By Silvia Sciorilli Borrelli – POLITICO
The former strategist for Donald Trump wants to mobilize and unite Europe’s populists — on the left and right.
ROME — Italy is the “center of the political universe,” according to former White House chief strategist Steve Bannon.
Speaking to POLITICO during a tour of European capitals, the former aide to Donald Trump called Italy’s League-5Star coalition government an “experiment that, if it works, will change global politics.”
Bannon is in Europe to help ramp up a Brussels-based foundation, named the Movement, which aims to coordinate and advise right-wing populist parties campaigning in next spring’s European Parliament election. Thus far, many of the Continent’s far-right politicians have reacted cautiously to Bannon’s advances.
The former Trump aide said that the Italian government is an experiment in uniting left and right. “A populist party with nationalist tendencies like the 5Stars, and a nationalist party with populist tendencies like the League … it’s imperative that this works because this shows a model for industrial democracies from the U.S. to Asia.”
The Movement — which Bannon describes as a “loose association” of people, not a political party — was established in January of last year by Mischaël Modrikamen, a Brussels lawyer and leader of a small right-wing party. Bannon began promoting it in July.
Bannon has praise for both sides of Italy’s coalition government.
The League’s Matteo Salvini, Italy’s interior minister, has already joined, and during his trip to Rome Bannon also reached out to 5Stars leader Luigi Di Maio. According to two individuals with knowledge of the talks — one a person who has worked with Bannon and another a 5Star MP — Bannon and Di Maio met on Saturday and had a “constructive dialogue.” The 5Stars are yet to decide whether they will endorse the project or not though.
On the face of it, the far-right base of the Movement (Bannon is also in talks with Germany’s far-right AfD, Marine Le Pen’s National Rally in France and Viktor Orbán’s Christian nationalist Fidesz party in Hungary) is far removed from the 5Stars’ left-wing populism. Some of the party’s MPs are worried it would alienate their voting base.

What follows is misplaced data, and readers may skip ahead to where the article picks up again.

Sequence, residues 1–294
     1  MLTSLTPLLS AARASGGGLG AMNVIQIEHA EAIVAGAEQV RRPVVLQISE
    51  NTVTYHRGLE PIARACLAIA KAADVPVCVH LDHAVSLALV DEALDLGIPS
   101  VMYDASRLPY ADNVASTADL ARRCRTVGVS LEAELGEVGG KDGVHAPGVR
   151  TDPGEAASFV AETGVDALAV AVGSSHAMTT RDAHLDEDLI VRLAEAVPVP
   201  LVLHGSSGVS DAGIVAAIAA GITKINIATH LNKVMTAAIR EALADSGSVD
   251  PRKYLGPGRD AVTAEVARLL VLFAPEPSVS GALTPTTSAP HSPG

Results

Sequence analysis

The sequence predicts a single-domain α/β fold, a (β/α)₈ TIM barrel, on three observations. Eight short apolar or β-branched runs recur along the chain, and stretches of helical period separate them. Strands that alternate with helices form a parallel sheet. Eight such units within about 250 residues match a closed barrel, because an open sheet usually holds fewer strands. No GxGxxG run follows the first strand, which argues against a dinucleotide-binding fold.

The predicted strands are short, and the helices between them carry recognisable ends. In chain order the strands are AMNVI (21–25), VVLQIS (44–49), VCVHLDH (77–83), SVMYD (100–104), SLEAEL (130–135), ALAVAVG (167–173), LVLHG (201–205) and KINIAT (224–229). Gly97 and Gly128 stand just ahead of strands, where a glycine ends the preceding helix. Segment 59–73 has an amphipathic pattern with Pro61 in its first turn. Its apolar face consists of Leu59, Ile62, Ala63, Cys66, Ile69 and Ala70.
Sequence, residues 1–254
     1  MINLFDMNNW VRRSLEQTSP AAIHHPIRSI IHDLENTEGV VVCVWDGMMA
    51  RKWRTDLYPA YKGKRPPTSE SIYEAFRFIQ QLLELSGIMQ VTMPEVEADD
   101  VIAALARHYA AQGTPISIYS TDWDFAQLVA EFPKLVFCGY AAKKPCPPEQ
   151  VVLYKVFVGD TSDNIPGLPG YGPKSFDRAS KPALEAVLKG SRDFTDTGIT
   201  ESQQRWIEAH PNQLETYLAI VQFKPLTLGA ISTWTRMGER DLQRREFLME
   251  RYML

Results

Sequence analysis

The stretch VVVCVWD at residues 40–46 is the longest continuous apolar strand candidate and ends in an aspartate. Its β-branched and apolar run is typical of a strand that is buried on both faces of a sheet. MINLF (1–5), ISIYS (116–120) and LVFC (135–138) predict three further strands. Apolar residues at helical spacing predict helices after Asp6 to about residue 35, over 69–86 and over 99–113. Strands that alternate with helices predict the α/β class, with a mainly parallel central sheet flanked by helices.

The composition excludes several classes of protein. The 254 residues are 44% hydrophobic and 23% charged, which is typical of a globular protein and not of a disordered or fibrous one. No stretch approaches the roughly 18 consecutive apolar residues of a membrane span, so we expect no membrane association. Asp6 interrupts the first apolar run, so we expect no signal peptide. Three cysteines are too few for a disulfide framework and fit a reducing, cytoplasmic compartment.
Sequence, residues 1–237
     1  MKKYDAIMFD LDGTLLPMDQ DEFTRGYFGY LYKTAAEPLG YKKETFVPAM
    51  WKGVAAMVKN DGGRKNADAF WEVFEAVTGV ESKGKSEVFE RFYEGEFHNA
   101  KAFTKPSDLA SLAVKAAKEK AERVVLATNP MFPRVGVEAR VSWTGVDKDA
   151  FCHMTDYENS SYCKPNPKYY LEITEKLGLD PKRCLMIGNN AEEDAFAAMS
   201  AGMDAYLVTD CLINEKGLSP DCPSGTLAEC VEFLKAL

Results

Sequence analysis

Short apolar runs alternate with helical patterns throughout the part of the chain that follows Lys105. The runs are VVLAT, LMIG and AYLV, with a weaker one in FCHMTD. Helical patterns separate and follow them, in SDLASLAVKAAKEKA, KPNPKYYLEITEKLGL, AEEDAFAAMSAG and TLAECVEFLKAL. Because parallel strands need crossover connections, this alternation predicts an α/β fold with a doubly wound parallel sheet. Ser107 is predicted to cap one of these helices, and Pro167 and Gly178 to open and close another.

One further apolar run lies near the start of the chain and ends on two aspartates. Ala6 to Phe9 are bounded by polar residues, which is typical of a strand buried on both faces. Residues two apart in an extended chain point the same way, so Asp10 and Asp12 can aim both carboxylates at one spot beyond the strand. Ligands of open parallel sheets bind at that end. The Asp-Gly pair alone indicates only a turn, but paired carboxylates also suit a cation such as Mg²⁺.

Nevertheless, Bannon has praise for both sides of Italy’s coalition government. “Throughout the entire world, you will not find two politicians that worked as hard as Salvini and Di Maio, for no money, leading their parties to these unbelievable victories and then stepped back and let someone else be the guy that goes to the G7, G20 and sits in the Oval Office with Trump … Nobody would do that,” said Bannon, referring to the fact that the country’s prime minister is Giuseppe Conte, a former law professor.
Following Italy’s general election in March, neither party would agree during negotiations about forming the coalition to the other’s leader heading the government. Conte emerged as a compromise candidate.
The American political strategist said that he hoped the Italian model of bringing together populists on the left and right could be replicated both in the U.S. and the U.K. “You are going to have to compromise … On one side you have the guaranteed income, on the other the flat tax, both sides will get what they want and you’ll move on from there,” he said, referencing major domestic priorities of the 5Stars and League parties.
But he added that there could be “no compromise on core values like migration and national sovereignty for the League and crony capitalism and transparency for the 5Stars.”
On Saturday, Bannon spoke at Atreju, the far-right Brothers of Italy annual conference where he was greeted by a cheering crowd. “Trump and Brexit and [the Italian general election in] March 2018 are all inextricably linked,” Bannon told the audience, “it’s a rejection of the way things are and it’s a way forward … it’s the little guy saying ‘we have a better idea’ … and the first thing is a rejection of what the elites have foisted on Western civilization.”
Bannon went on to say Salvini and the Brothers of Italy, led by Giorgia Meloni, are the “true disruptors,” like Trump and former U.K. Independence Party leader Nigel Farage before them. “What Farage and UKIP were able to do in the U.K.; what Donald Trump and the Tea Party have started to execute in the U.S … The torch was passed to you.”
On Sunday, Bannon will fly to Prague and Budapest where he is scheduled to meet far-right leaders including Orbán. Updated 9/24/18, 8:04 AM CET